The option of peace must always precede the option of war

Bilal Bassal addressing WJC 2020 (Picture by Sang-ki Lee)

Bilal Bassal addressing WJC 2020 (Picture by Sang-ki Lee)

By Bilal Bassal
Artist, journalist

Beirut: Growing up in Lebanon and watching news coverage across the world on television, I have come to the deep belief that the option of peace must always precede the option of war.

I stressed this conclusion as I addressed the World Journalists Conference (WJC) 2020 held in Seoul, the capital of a country that has itself known a savage war that sliced the Korean Peninsula into South Korea and North Korea.

To mark the 70th anniversary of the Korean War, the Journalists Association of Korea (JAK) featuredPeace Policy in the Korean Peninsula as one of the three themes addressed by local experts and international journalists in the three-day conference.

Fake news and the future of journalism and global responses to COVID-19 were the other two themes.

This is my speech delivered online at the conference:

“You have heard a lot about Lebanon these days, but unfortunately, it was mainly sad and terrible news. My country has long been known as a paradise on earth, blessed with great nature, rich cultures and an open society. Unfortunately, we have a different situation.

When I read about the Korean War and how it was started 70 years ago, my thoughts took me directly to the Lebanese Civil War. There are many similarities between the sad events in both countries. The biggest losers in a war are the people, and to me, human lives are much more important than political gains. From this humane point of view, I decided to make a comparison between the Korean and the Lebanese wars.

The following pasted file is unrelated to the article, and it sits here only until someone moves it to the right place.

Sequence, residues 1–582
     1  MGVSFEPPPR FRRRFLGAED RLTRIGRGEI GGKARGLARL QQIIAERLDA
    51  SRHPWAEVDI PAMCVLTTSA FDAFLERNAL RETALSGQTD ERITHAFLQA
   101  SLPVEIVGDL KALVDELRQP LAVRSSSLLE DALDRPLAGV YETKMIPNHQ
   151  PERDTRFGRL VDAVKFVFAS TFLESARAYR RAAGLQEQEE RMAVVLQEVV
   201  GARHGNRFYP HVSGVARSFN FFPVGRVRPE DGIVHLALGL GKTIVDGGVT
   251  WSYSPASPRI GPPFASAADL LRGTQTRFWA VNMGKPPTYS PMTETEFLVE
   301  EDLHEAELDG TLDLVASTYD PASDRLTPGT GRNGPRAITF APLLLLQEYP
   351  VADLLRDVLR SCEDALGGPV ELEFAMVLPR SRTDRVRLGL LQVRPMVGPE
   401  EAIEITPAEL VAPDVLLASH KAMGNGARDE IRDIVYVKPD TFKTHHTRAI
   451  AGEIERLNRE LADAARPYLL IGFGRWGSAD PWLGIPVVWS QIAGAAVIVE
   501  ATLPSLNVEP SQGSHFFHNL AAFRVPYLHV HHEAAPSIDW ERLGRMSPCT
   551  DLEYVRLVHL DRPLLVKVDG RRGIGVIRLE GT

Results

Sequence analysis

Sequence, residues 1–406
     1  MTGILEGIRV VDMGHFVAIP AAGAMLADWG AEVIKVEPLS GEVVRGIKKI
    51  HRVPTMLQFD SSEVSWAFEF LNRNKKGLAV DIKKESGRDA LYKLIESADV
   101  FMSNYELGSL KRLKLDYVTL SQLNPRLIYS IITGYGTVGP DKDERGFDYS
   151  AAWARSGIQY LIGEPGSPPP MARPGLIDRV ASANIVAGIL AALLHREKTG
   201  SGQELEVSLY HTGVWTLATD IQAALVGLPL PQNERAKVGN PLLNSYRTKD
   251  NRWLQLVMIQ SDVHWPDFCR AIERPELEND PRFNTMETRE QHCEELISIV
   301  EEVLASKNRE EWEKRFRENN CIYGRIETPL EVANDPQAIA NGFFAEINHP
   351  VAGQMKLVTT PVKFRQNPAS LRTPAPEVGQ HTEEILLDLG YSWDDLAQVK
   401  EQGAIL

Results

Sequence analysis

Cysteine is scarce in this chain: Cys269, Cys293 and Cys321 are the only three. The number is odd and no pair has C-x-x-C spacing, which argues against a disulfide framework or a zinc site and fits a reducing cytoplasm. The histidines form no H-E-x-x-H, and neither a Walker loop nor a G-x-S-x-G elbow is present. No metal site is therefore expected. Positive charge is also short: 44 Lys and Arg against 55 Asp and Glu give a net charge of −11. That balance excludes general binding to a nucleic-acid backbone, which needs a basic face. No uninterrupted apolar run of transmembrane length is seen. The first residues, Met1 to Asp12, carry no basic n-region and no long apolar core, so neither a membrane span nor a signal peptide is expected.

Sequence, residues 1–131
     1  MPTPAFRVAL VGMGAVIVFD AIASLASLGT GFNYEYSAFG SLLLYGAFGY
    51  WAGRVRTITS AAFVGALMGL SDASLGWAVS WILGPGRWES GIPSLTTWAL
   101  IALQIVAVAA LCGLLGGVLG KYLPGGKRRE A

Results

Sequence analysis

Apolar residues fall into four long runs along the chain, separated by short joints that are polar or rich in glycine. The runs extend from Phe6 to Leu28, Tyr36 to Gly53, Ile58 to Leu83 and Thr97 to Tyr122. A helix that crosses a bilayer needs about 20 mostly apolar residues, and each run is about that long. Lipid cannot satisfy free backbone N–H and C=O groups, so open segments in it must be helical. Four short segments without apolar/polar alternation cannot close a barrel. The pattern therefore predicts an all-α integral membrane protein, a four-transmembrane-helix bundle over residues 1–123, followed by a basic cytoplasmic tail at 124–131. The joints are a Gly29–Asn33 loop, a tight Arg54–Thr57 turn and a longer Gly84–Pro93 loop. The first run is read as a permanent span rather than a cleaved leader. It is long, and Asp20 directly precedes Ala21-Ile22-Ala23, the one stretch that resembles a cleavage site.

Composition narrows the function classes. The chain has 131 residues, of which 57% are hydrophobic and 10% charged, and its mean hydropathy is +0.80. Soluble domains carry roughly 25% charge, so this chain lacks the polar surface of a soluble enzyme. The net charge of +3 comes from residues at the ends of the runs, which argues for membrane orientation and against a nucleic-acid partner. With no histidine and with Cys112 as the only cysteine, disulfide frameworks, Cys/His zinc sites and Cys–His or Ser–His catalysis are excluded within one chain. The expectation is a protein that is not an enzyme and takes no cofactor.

The war on the peninsula has devastated Korea and split it into two parts, North and South Korea. The Lebanese War did not split the country geographically but divided its people into different sectarian and social groups. In the two wars, there were many common points. For example, the strange situation where the people of the same country killed one another.

So, to be able to avoid a new war in Korea, Lebanon, or other countries, we have to learn from the past and hope for the future. It might be even possible to witness the rebirth of the united Korean Peninsula, to cancel the Korean Demilitarized Zone (DMZ), and let the people of both Korean sides meet and be with each other, one people in one country.

What kind of lessons do we have to learn from the past? A simple answer is that wars never were a good solution for the people. In both Korea and Lebanon, millions of civilians and military personnel have died, most of whom were common citizens. Yet, at the same time, millions of people are still alive, remembering, and suffering psychologically, through their own personal experience, or through the stories of their parents, relatives, neighbors, and friends.

A section of the participants (Picture by Bilal Bassal)

A section of the participants (Picture by Bilal Bassal)

As a journalist and artist, and looking at the 70th anniversary of the Korean War and the centenary of the founding of Lebanon, I strongly believe that it is a duty to remind the people, mainly politicians in both countries, of the significance of peace and to stress the tragedies caused by wars. The aim is to help ensure there will be no more wars in the future

This can be done through conferences, documentaries, exhibitions, and cultural events that highlight that the option of peace must always precede the option of war.”

 

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